Saturday, March 6, 2010

Unemployment can be fattening

Since none of you responded to my first post, let me try another one. It is an analogy. Suppose you gained 40 unwanted unsightly pounds. You decided to reverse course and lost 10 pounds over the last several weeks. Today you get on the scale and you gained back 2. What do you know? What should you do? The 2 pounds could signal that you are on course to start gaining weight again. It could be the signal of a bad trend starting.It could also be the result of weighing at a different time of day. It might have been caused by the extra water you drank after a vigorous exercise session. Your spouse might have sneaked behind you and stuck her cute little toe on the scale without you knowing. Truth is, just from the single reading you don't know much and you shouldn't get all wacky about it. You probably shouldn't change your behavior.

So what? This seems quite relevant to the way we think about monthly employment and unemployment announcements. Everyone knows the economy is performing a little better than it was a year ago. Everyone knows that firms who were burned by sales and profit declines and who have responded with major cuts and restructuring are NOT about to start hiring at the first signs of recovery. Everyone knows there is still a lot of uncertainty and lack of confidence. So what real relevance is one month's employment number in the middle of all this? When it comes to what really matters -- the real future course of employment and the economy -- what happened in February never was going to be much of a factor. Suppose they say they made a mistake and the true number was really much worse than reported? Would that really warrant a lot of consternation? I think not. It is just like the 2 pounds. We need to watch for at least a few more months before we make a judgment.


  1. To me this looks like the classic dilemma of "are you gonna fish or cut bait". The monthly unemployment rate numbers are subject to all types of problems. First off there are a significant number of illegal aliens (I know I am not PC) who don't show up in the numbers. The number of discouraged or under employed workers is also hard to quantify. I have seen figures of two million fewer workers in the labor market than a year ago.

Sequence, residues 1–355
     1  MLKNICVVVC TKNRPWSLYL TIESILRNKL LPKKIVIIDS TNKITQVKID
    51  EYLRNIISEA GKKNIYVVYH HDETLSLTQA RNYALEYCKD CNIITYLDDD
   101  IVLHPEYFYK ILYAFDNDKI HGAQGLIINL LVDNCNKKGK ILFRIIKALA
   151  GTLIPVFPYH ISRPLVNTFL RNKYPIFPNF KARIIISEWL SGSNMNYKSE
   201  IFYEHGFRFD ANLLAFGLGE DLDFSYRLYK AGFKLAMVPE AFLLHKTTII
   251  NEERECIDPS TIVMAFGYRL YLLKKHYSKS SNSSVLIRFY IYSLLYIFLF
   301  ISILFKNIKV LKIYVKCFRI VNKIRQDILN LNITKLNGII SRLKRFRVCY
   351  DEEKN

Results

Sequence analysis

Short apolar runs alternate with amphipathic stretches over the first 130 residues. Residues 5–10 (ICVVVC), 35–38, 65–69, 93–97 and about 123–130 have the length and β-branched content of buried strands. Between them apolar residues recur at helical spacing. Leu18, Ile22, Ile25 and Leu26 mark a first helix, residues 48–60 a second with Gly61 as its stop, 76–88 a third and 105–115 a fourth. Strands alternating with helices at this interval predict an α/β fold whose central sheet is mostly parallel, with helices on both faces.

But what ever the real unemployment figure is there is no dispute that jobs were lost; and for quite a while every month jobs have been lost. Projections I have seen are that we need to create something on the level of 500,000 jobs a month for a couple of three years just to get back to where we were. I don't see anything that leads me to believe any where near that number of jobs will be created (absent a big war); so the employment outlook looks grim to me what ever the monthly unemployment numbers are.

  2. Mike,

    As to your first point -- please know that there are actually two major surveys reporting employment. One is the payroll report and the other is the household survey. They differ significantly and often offer different views of what is happening --from the respective sides of the household and the firm. For example, illegal aliens might be caught in the payroll survey if they lied to their employers about immigration status. They probably would not be part of the household survey, however.

    As to your second point -- it all depends on what "grim" means. The doctor tells you that you have months of rehab to do after your operation. Is that grim or realistic? Most of us know that after a major recession it could take a while to reach a strong employment situation. We can wish it weren't so, but wishing and hoping may not be the best thing. I prefer realism to the kind of hype and super analysis we get from some of the pundits...My main points so far -- the unemployment release of last week did not really have much content or implication.